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Scott Peters had never played Mario Kart before, but he sure as hell wasn’t going to lose to Darrell Issa.

Peters, a Democrat from San Diego who represents California’s 52nd Congressional District, battled Issa, a Republican from the neighboring 49th District, at last year’s Comic-Con. Peters had been pretty good at Pac-Man back in the day, during law school in New York in the 1980s, to the point where, whenever he sees what he calls a “Pac-Man machine,” he’ll stop and give it his best shot, just for old-time’s sake. But Mario Kart — the new Nintendo Switch version, at least — was a whole different animal, and he wasn’t confident his atrophying skills gobbling up Pac-Dots would transfer. So his chief of staff brought in a subject-matter expert: her 12-year-old son. Peters, who’s 59, made himself comfortable in a bean-bag chair while the tween taught him the basics. “He was very patient with me,” Peters says. “‘Throw the mushroom! Throw the mushroom!’”

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In the end, he crammed well enough to beat Issa, and the pair’s exploits were well-received. For video game players, and even for national politics, this was a seismic event: Two lawmakers (virtually) rumbled on a San Diego rooftop, ostensibly proving to the assembled crowd that 1) Democrats and Republicans can get along, and 2) they’re pretty cool dudes.

Since practically the days of Pong, video games have been a bipartisan political target. In 1993, former Sen. Joe Lieberman began his long-running crusade against violent ones, telling Congress in a seminal hearing that if it weren’t for that pesky First Amendment, he’d like to ban them. In 2005, Hillary Clinton introduced legislation in the Senate to tighten restrictions on violent and sexually explicit games. And in March, President Donald Trump revived the discredited argument, first floated after the Columbine massacre, that playing violent video games contributes to mass shootings.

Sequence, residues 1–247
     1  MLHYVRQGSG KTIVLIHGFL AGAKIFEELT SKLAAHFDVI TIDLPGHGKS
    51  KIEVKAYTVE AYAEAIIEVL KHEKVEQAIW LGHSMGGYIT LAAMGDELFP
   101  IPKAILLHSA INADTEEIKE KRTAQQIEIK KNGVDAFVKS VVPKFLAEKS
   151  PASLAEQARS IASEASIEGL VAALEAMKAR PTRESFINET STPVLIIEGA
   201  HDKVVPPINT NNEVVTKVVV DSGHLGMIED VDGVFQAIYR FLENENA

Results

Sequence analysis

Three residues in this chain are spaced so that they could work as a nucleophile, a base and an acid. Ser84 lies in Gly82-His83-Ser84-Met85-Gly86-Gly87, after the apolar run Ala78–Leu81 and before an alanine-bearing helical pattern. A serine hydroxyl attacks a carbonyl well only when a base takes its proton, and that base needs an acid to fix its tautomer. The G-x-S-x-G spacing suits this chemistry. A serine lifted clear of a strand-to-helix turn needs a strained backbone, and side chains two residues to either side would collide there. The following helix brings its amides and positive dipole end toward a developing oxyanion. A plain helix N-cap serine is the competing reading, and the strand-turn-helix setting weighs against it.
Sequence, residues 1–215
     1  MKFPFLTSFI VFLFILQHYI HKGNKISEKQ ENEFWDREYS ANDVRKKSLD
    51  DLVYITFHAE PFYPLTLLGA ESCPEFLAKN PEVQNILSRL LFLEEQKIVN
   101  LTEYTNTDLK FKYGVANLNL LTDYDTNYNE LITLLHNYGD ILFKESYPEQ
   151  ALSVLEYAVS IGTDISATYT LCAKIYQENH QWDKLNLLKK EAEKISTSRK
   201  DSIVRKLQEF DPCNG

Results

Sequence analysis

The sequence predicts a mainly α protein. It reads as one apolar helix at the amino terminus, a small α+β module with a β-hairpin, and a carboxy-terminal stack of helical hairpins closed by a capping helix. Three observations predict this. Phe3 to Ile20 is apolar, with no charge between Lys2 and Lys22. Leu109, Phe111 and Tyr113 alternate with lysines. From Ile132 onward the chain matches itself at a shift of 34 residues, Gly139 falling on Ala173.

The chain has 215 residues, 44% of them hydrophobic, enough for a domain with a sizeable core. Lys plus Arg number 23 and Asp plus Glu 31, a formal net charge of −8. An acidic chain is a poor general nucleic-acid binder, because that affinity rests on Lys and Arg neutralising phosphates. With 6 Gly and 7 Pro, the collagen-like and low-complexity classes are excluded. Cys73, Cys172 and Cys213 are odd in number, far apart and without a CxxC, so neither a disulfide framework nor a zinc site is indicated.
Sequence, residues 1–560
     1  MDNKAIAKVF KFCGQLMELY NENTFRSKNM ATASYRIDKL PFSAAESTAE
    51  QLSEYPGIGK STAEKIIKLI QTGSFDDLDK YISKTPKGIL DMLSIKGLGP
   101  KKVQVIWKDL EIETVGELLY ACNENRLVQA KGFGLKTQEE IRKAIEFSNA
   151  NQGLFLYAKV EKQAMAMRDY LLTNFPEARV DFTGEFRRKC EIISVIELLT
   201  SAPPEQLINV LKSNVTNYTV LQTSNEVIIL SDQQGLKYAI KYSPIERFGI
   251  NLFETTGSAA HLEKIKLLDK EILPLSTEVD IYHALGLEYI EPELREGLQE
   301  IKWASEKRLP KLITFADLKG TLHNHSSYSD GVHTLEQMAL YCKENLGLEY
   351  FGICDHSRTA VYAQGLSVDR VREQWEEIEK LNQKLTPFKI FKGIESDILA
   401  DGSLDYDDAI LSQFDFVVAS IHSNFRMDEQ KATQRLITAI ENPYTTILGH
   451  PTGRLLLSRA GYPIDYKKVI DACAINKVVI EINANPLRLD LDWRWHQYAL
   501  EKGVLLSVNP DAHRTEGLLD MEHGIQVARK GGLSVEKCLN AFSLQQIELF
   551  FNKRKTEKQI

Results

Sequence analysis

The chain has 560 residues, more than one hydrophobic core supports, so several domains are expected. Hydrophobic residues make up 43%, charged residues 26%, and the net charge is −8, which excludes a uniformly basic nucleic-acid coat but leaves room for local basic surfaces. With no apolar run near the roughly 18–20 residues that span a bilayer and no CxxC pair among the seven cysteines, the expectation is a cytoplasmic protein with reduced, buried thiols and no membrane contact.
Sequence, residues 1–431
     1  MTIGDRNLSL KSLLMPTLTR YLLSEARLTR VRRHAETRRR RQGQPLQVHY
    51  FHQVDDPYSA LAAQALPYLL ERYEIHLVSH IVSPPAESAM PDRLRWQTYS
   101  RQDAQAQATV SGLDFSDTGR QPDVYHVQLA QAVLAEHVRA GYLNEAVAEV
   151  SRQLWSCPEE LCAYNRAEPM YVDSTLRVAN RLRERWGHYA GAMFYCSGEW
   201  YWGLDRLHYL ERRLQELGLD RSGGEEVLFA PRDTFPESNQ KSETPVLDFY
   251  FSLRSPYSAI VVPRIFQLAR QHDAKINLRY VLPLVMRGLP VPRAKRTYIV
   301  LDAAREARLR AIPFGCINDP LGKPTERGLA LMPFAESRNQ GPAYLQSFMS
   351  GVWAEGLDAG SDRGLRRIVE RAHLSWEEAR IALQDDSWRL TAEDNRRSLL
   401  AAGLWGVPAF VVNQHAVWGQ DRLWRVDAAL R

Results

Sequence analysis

Yet at the same time, and for the first time, people at the highest levels of Washington power have begun to talk about their video-game habits unashamedly. What used to be a furtive secret is now out in the open. D.C. is typically late to the party—1962’s Spacewar!, arguably the first video game, will pretty soon be old enough to collect Social Security—and it’s not like Mitch McConnell and Chuck Schumer spend their weekends playing Fortnite: The Entertainment Software Association, the largest lobbying group for video games, estimates that about a dozen House members regularly play on consoles like a Switch, PlayStation or Xbox. Many more play games like Candy Crush and Angry Birds on their phone. Fewer play in the Senate, which skews much older than 35, the average age of a gamer.

More important, those who do play say that spending time with Mario Kart, Zelda and other virtual games has helped them excel in their jobs in politics and policy. “Gaming is good,” Rep. Jared Polis, a Democrat from Colorado, says. “It involves critical thinking skills. It involves tactical skills and strategic skills. And I absolutely think it’s helped me navigate Washington tactically.” And even if learning the ins and outs of say, Blizzard’s Overwatch doesn’t directly translate into knowing how to make a bill a law, Washington’s gamers say that their shared knowledge has enabled them to make connections with colleagues, reporters—and voters.

Polis will be at a town hall in Fort Collins, or maybe a meeting with marijuana advocates, and a constituent—usually, but not always, a dude, most often in his 20s or 30s—will bring it up. I know you main Maokai! they’ll say. It’s one of his favorite characters to play in one of his favorite video games, League of Legends, a multiplayer effort in which otherworldly creatures battle using fantastical magic. (Maokai is sort of like a mutant tree, with brambly hands and devastating magical powers.)